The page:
In Miguel Venegas and the Earliest Jesuit Theater, Margarida Miranda takes a fresh look at the origins of Jesuit theater and provides a detailed account of the life and work of Miguel Venegas (1529–after 1588) within the Iberian tradition. The book details Venegas’s role as the founder of Jesuit theater in Portugal and the creator of a new musical genre, choruses for tragedies, which was gradually codified and emulated by successive generations of Jesuits. Venegas’s Latin tragedies in turn provided the model for regular dramatic activities in the global network of Jesuit schools, including, significantly, the first tragedies to be staged in Rome: Saul Gelboeus and Achabus, both of which had originally been performed in Coimbra in the mid-sixteenth century.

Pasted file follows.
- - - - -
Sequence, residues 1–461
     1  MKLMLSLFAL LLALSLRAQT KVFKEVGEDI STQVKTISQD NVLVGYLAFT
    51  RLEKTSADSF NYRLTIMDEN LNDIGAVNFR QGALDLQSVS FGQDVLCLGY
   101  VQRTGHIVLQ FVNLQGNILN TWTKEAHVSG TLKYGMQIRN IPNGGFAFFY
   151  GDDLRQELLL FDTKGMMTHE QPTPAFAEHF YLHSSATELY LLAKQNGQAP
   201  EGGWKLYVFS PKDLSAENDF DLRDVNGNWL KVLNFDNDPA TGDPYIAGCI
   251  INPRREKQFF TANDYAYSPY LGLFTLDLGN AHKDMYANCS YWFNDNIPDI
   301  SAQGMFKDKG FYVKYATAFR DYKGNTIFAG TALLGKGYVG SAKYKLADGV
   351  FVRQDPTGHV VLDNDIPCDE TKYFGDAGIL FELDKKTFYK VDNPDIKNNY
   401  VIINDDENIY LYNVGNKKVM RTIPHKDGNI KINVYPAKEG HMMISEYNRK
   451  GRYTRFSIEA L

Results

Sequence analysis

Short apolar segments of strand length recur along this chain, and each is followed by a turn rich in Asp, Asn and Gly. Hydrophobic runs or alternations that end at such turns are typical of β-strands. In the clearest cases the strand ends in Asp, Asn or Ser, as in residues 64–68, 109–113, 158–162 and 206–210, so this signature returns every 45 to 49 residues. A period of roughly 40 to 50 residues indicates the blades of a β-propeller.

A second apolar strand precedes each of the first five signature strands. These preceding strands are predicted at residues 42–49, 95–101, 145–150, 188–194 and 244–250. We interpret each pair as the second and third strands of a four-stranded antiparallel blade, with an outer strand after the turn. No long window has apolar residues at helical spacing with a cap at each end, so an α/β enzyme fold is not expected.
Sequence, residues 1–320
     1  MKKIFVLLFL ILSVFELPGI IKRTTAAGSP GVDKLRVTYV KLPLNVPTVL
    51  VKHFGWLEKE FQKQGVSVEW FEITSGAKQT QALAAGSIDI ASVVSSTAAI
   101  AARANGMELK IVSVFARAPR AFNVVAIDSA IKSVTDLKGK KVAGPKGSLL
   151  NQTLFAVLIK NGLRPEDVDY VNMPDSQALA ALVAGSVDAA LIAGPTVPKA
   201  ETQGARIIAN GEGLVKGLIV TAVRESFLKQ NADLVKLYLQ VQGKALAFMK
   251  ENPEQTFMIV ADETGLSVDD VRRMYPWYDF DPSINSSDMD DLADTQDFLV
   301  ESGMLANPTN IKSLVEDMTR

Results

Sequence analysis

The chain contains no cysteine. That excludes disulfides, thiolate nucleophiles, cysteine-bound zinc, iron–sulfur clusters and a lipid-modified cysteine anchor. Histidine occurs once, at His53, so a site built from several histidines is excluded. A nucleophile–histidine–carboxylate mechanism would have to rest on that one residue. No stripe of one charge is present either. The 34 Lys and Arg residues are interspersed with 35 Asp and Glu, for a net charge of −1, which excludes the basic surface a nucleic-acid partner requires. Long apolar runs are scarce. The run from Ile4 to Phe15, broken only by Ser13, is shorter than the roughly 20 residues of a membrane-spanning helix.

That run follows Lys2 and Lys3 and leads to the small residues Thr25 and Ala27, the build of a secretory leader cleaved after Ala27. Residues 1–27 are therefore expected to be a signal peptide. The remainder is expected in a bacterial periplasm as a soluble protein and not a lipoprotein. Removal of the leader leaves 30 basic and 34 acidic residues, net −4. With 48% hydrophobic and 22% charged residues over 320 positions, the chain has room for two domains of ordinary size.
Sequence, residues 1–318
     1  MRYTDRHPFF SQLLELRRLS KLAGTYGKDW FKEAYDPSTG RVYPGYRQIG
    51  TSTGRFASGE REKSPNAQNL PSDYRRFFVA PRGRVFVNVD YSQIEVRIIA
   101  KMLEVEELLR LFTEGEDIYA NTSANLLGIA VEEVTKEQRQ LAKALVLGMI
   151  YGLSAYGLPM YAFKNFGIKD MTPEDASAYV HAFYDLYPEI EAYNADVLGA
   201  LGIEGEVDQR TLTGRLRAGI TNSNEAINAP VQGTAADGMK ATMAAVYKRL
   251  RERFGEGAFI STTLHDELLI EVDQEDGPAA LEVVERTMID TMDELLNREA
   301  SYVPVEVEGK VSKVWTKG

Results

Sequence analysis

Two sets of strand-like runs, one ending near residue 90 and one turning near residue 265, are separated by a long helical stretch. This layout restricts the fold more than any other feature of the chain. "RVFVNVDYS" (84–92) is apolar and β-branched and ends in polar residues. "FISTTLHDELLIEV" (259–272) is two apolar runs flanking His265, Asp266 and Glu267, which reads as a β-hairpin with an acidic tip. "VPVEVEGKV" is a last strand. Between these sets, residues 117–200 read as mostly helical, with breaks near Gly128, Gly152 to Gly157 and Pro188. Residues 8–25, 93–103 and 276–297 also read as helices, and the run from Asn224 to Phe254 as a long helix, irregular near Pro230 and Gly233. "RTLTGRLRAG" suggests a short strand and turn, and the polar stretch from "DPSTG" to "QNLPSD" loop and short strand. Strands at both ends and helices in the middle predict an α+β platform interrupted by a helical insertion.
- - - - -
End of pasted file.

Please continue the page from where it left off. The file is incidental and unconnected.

Edited by Raphaële Garrod and Yasmin Haskell
This volume of essays contributes to our understanding of the ways in which the Jesuits employed emotions to “change hearts”—that is, convert or reform—both in Europe and in the overseas missions. The early modern Society of Jesus excited and channeled emotion through sacred oratory, Latin poetry, plays, operas, art, and architecture; it inflamed young men with holy desire to die for their faith in foreign lands; its missionaries initiated dialogue with and ‘accommodated’ to non-European cultural and emotional regimes. The early modern Jesuits conducted, in all senses of the word, much of the emotional energy of their times. As such, they provide a compelling focus for research into the links between rhetoric and emotion, performance and devotion, from the sixteenth through eighteenth centuries.